#5 ✓resolved
Georg Ledermann

Conditions for date/time columns

Reported by Georg Ledermann | September 30th, 2008 @ 07:48 AM

Something like this would be very helpful:

:conditions => { :created_in_year => "2008" }
:conditions => { :created_in_month => "current" }
:conditions => { :created_in_month => "last" }
:conditions => { :created_in_month => "next" }
:conditions => { :created_in_month => "2008-09" }
:conditions => { :created_in_week => "next" }
:conditions => { :created_in_week => "last" }
:conditions => { :created_in_week => "40" }
:conditions => { :created_on_day => "yesterday" }
:conditions => { :created_on_day => "monday" }

I know, this is already on the todo list (http://github.com/binarylogic/se..., but I just want to note that it would be a very nice feature.

Comments and changes to this ticket

  • Ben Johnson

    Ben Johnson September 30th, 2008 @ 12:57 PM

    Absolutely, those are a little more tricky because not every database retrieves those values the same. Also, I am going to have to change how conditions work a little bit. Nothing too complicated though. I want to treat created_hour just like an integer column. So you can do created_hour_gt, created_hour_before, etc.

    This is where searchgasm gets really cool. Because now we can set up conditions like:

    created_during_evening = true
    created_during_day = true
    created_during_night = true
    created_during_weekend = true
    etc
    

    The list goes on. What is also really cool about this is that every thing is lazy. So we can add a million conditions and it wont change a thing, the conditions only get instantiated when they are needed. So this could become a really useful tool for doing more complicated searches. I just want to make sure I keep this simple, lean, and not bloat it with conditions.

    Anyways, I think I'll have this done by the end of the week. Thanks for letting me know you think this would be helpful. I wasn't sure if it was worth doing all of this.

  • Georg Ledermann

    Georg Ledermann October 1st, 2008 @ 06:41 AM

    This sounds exciting, I can't wait to try this new feature when it's available :)

  • Ben Johnson

    Ben Johnson October 1st, 2008 @ 06:52 PM

    • State changed from “new” to “open”

    I have this pretty much done but came up with an even cooler idea. Here's what I got:

    search.conditions.hour_of_created_at_gt = 10
    search.conditions.minute_of_created_at = 10
    etc
    

    But the reason I switched it up is for other "modifiers" and so you can chain them.

    So we can do

    search.conditions.tan_of_cos_of_sin_of_id_less_than = 10
    search.conditions.floor_of_tan_of_total_gt = 50
    

    It acts similar to User.find_by_email_and_name(email, name)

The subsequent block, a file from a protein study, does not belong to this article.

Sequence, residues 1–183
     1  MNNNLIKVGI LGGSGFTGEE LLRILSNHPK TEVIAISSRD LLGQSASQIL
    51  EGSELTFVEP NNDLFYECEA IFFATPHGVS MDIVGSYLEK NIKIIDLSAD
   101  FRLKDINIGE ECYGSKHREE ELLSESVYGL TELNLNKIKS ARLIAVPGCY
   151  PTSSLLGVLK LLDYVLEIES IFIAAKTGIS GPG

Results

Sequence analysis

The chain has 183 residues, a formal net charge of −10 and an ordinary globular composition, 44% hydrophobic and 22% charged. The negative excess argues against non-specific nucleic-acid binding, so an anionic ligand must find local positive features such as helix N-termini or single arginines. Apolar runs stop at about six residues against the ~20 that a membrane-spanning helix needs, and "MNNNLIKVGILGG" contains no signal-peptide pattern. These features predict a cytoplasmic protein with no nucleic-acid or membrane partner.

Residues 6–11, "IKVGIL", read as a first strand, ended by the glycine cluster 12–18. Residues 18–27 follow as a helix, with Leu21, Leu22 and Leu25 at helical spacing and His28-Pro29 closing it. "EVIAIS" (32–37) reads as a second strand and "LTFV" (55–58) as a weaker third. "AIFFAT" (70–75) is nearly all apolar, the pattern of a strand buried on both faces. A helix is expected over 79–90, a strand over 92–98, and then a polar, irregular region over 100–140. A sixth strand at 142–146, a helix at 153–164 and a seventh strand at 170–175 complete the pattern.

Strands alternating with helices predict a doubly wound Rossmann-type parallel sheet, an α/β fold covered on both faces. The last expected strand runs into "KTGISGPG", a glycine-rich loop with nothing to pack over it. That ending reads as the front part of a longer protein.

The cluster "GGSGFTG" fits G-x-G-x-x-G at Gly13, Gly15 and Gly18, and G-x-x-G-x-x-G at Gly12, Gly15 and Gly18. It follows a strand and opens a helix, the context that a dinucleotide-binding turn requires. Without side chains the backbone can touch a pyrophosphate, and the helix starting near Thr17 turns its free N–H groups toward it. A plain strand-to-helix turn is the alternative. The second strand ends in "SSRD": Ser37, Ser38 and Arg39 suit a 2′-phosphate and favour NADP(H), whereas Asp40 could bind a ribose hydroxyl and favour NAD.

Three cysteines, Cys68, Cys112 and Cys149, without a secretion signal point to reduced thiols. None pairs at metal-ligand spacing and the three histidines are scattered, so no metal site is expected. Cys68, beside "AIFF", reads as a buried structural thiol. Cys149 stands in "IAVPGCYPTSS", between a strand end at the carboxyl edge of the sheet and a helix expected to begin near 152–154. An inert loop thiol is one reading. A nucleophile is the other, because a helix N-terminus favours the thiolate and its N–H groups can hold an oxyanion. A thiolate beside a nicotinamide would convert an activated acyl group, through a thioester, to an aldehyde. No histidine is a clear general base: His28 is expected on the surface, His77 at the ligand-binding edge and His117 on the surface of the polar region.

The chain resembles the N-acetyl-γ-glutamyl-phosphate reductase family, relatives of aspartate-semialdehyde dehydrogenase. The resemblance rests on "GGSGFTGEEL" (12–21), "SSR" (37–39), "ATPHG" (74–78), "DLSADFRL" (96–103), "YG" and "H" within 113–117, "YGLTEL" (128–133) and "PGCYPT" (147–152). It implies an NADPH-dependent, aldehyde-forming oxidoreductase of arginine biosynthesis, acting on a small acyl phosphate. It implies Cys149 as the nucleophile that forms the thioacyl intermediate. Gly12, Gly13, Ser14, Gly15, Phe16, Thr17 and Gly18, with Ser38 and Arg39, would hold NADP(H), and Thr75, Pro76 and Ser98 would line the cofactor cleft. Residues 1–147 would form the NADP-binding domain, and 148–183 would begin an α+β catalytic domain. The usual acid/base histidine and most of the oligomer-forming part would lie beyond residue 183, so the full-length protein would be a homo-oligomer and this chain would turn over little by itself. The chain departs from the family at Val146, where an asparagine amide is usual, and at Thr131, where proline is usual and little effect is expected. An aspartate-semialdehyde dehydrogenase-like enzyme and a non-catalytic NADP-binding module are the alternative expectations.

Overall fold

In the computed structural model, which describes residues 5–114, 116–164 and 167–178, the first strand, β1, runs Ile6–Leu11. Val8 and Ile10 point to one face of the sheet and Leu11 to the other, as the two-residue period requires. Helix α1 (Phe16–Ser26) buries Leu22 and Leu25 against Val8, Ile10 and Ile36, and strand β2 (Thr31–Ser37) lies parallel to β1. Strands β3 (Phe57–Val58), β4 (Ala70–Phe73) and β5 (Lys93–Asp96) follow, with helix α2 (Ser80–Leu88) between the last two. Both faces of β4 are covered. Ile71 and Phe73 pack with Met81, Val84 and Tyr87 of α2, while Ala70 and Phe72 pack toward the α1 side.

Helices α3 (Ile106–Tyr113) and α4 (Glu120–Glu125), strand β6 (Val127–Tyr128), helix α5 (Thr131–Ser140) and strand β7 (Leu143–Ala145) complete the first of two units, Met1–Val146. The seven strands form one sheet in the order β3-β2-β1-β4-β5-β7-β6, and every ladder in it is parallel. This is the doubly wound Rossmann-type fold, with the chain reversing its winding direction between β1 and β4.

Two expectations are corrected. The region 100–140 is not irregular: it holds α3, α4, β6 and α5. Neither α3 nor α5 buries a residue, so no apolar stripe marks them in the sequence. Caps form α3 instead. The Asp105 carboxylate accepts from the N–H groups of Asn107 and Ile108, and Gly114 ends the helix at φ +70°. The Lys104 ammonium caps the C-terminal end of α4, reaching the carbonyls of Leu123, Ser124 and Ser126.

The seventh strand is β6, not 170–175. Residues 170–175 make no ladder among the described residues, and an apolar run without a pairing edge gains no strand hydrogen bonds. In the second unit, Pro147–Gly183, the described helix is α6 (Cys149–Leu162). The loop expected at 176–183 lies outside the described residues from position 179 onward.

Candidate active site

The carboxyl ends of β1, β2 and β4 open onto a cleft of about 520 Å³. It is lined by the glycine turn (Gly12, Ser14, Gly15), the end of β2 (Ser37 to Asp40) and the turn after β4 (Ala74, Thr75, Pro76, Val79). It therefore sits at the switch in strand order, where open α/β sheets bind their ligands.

I should have this done tonight or tomorrow. I'll update this ticket when its done. But if you see anything wrong with what I'm doing please let me know so I don't waste my time. Or maybe you have a better syntax?

    Thanks.

  • Georg Ledermann

    Georg Ledermann October 2nd, 2008 @ 04:41 AM

    Chaining of modifiers is pretty cool, of course. But what about date modifiers? Perhaps you think about this:

    search.conditions.month_of_created_at = 8
    search.conditions.year_of_created_at = 2008
    

    But beware: For SQL performance this should NOT result in:

    ... WHERE MONTH(created_at)=8 AND YEAR(created_at)=2008
    

    This query doesn't use any index (in MySQL, but I think other databases behave the same). Instead, it should result in:

    ... WHERE created_at BETWEEN "2008-08-01 00:00:00" AND "2008-08-31 23:59:59"
    

    Because of this, I think it would be better to have a combined modifier which is a more accurate representation of the "between range":

      search.conditions.created_at_in_month = "2008-08"
      search.conditions.created_at_in_year = 2008
      search.conditions.created_at_in_week = 40
    

    (or similar syntax)

  • Ben Johnson

    Ben Johnson October 2nd, 2008 @ 11:08 AM

    You always have the hard problems for me, ha ha. I agree with what you said. I would prefer to treat them all the same, and then have exceptions as the one you listed above. You could ultimately create the between statement by making a good exception.

    The ONLY way this exception would take effect is if the year or a range of years was provided.

    I think for now, I'm going to release it without that, and work on that for the next update. It should be simple though, before I sanitize the conditions down to sql I could loop through the conditions, do a quick check, and modify them if necessary, to create the more efficient statement.

  • Ben Johnson

    Ben Johnson October 2nd, 2008 @ 02:14 PM

    • State changed from “open” to “resolved”

    I released v 1.3.0, so this should be all set. As for your last example, that is on the todo list and plan on working on that in the near future.

  • Georg Ledermann

    Georg Ledermann October 3rd, 2008 @ 04:10 PM

    Nice work! Creating "BETWEEN" as last step optimization seems a good way.

    I found some bugs in 1.3.0, additional ticket is coming...

  • Ben Johnson

    Ben Johnson October 3rd, 2008 @ 04:13 PM

    Awesome, I found some bugs myself. I'm using this in a project that I'm developing right now. Update off the repo...I bet a lot of your bugs are fixed. Thanks!

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Provides common named scopes and object based searching.

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